“I think a high school athlete can learn about focus and about the path taken to get to where I am. You don’t just wake up and decide you want to be an NFL football player or a college football player,” says All-Pro kick returner Josh Cribbs.
Then again, Cribbs didn’t wake up and decide he wanted to be a special teams star. The former standout quarterback at Kent State listened to what a Cleveland Browns scout told him during a pre-draft workout: that he wasn’t going to make it in the NFL at QB, and that his best opportunity would be as a return specialist who also excelled at covering kickoffs and punts.
This assessment left an impression on Cribbs, who signed a rookie contract with the Browns as an undrafted free agent. Still, such a position change was unfamiliar territory for him.
“Competing against guys [who’ve] been doing this their whole life, and then me, coming out and doing it for the first year, it was a battle for me to compete against these guys,” he says. “But I was up for the challenge and I’m still up for the challenge. I knew that I had a goal to reach.”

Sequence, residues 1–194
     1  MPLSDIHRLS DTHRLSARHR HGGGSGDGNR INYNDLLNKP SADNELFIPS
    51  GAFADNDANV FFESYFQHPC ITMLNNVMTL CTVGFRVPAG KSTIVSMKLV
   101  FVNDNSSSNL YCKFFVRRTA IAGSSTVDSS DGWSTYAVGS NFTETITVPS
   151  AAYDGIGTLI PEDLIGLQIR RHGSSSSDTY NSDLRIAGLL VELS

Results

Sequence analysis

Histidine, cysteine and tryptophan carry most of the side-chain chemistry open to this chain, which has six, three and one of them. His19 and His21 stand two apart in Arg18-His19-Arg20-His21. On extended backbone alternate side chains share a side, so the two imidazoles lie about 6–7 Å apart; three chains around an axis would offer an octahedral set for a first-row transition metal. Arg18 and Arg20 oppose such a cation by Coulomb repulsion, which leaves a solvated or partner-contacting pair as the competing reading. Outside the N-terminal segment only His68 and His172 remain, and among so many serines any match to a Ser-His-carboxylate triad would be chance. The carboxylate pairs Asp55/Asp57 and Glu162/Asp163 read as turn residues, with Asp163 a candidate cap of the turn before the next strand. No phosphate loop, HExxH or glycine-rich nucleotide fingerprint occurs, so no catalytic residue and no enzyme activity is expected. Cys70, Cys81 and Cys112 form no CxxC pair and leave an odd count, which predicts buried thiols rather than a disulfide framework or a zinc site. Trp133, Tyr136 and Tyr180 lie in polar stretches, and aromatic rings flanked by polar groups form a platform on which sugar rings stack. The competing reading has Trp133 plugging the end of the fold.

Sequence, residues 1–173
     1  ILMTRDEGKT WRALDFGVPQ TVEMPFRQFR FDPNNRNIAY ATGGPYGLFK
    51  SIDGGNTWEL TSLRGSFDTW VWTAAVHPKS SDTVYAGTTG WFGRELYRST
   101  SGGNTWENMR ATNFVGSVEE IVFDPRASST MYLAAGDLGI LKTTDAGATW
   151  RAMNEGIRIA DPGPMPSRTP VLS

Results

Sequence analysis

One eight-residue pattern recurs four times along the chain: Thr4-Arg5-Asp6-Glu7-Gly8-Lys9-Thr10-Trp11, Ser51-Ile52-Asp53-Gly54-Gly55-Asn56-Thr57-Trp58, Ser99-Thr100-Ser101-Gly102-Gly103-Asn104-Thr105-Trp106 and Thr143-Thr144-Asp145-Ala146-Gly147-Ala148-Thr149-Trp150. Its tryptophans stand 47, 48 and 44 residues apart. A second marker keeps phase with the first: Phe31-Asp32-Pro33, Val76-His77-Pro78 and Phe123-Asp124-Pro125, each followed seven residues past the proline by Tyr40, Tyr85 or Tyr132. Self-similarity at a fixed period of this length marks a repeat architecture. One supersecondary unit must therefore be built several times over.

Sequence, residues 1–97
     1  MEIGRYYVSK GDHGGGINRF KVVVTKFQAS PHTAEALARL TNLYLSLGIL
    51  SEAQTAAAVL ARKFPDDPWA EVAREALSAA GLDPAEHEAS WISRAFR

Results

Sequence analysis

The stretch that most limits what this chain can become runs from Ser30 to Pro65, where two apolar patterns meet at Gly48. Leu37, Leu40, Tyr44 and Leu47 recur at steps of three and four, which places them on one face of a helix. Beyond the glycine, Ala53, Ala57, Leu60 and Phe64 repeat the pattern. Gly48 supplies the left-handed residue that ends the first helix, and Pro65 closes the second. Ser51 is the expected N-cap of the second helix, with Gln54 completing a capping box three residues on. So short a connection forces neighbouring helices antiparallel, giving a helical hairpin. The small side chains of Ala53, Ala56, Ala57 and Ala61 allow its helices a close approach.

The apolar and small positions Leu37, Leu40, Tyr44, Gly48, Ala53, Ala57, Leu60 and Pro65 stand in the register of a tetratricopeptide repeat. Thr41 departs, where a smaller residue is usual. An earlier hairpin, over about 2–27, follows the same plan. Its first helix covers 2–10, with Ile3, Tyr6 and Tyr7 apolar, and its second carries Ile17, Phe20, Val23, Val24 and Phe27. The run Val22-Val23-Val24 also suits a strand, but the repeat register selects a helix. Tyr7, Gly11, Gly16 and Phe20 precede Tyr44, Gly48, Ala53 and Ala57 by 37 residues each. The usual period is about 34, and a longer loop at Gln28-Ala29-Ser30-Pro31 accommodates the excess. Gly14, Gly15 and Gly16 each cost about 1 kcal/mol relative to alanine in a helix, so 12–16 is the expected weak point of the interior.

Always confident in his abilities, Cribbs made an immediate impact on the Browns’ special teams units, “making tackles, returning the ball all the way to the 40, breaking tackles and making touchdowns. I knew I had the job on lock,” he says.
On lock was not only his team’s return strategy but also opposing coverage schemes. It wasn’t long before Cribbs raised the bar as the preeminent return man in the league.
Cribbs says, “Returning is strictly athleticism and vision: seeing holes, running through holes, knowing where I should be and where the tacklers are. It’s basically counterintelligence, and it all works perfectly—when you run a certain way and fake this way, you get the whole defense to flow at a certain point.”
Although his career did not take the course he charted for it, Cribbs wants his story to impact the lives and aspirations of the next wave of football players. He says, “If it were easy, everybody would do it. It’s about being focused. If you’re good and your goals are set, you’ll get seen anywhere, no matter what college you go to. And maybe, just maybe, you’ll reach that ultimate goal and be where I’m at, playing professional football.”
Return next week for the finale of this series.